What Lady and the Tramp Knew About Making Memories
Today is the 63rd anniversary of the release of Disney’s Lady and the Tramp. It was always a favorite of Ben’s and mine. We actually loved to sing the “Siamese Cat Song”; in fact, I used to sing it to my first cat, Tiffany (but she preferred “Born Free,” to which she actually meowed along!)
A poignant quote came from Tramp to Lady, when he told her, “Aw, come on, kid. Start building some memories.” Memories played such an important part of our lives when Ben was fighting his battle against ALS. They have continued to play a big part of my life in and coming out of the thickest fog of grief. But, as Lady had to be coaxed by Tramp, I had to coax myself into delving into new adventures that will become a part of my treasure trove of beautiful memories.
Memories became increasingly significant to Ben, particularly as he became more homebound. He loved to look at our photos and videos from Walt Disney World and to listen to the theme park music soundtracks. We could do that for hours. It was my motivation for designing the photo calendars, throw, shower curtain and towel (click here to read more about them)– Ben was surrounded by our photos everywhere in our home. It’s nearly three years since he’s left and I remain surrounded by those things. They are a comfort for the memories the photos hold and for my memory of the happiness that I gave to Ben with those gifts.
We were so fortunate to be able to visit Walt Disney World four times after his diagnosis. Each time, we tried to recreate our favorite memories, attending our favorite shows and visiting our favorite attractions. We did, at times, lament the attractions that Ben could no longer ride. But, we laughed that we could take the “It’s a Small World” boat repeatedly because there was never a long line and we got a boat to ourselves. Ben’s attitude was amazing. He focused on what he COULD do and, thanks to the amazing Disney cast members, we could do almost everything.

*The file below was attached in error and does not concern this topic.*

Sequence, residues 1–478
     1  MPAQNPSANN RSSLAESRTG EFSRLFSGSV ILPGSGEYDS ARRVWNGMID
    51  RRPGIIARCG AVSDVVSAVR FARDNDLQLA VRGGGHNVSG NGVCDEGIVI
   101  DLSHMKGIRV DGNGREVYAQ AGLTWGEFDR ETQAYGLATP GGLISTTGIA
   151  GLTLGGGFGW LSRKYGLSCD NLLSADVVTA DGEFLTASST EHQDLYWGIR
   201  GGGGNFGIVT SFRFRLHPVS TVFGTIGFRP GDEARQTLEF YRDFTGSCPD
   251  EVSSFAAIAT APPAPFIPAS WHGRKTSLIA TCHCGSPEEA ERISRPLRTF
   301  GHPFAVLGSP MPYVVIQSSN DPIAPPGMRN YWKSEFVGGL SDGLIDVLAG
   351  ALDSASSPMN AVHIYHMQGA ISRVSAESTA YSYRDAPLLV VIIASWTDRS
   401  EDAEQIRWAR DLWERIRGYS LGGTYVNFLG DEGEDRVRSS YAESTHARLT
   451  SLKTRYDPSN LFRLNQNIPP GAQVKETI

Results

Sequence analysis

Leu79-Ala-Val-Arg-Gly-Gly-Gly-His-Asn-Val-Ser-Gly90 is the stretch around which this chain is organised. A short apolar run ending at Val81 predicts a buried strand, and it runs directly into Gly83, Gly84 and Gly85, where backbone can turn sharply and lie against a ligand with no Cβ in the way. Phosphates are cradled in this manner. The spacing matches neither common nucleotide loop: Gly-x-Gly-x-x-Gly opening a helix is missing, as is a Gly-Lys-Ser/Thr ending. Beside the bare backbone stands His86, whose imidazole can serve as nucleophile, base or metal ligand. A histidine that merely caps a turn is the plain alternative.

Recreating memories was, however, a tricky endeavor. Given Ben’s physical changes, it had the potential to be incredibly fun or incredibly sad. However, we were so grateful to be able to return to a place that was so important and filled with joyful memories. At Walt Disney World, we were distracted by the excitement and caught up in the fantasy. Ben loved and frequently commented about that. Once home, when Ben looked at photos, he scrutinized how he looked and how his abilities had diminished from visit to visit. For me, looking at photos is sometimes filled with splitting my world into pre-ALS and post-ALS distinctions and observations. Still, more than the physical changes, I see the joy on his face.
Our final visit to Walt Disney World in 2014 was uniquely memorable, not only because we were not sure that we would ever get there again, but also because it was filled with the creation of new memories. Frankly, I was worried that Ben would be disheartened at not being able to do a lot of the things that we used to do. Also, he could not eat many foods, so going to the restaurants that we always loved might have been an upsetting experience. So, I organized several surprises- new and different events that gave us the opportunity to create new memories. My plan was a resounding success, which makes me so proud and grateful. I wrote about our visit in a prior post, which you can see by clicking here.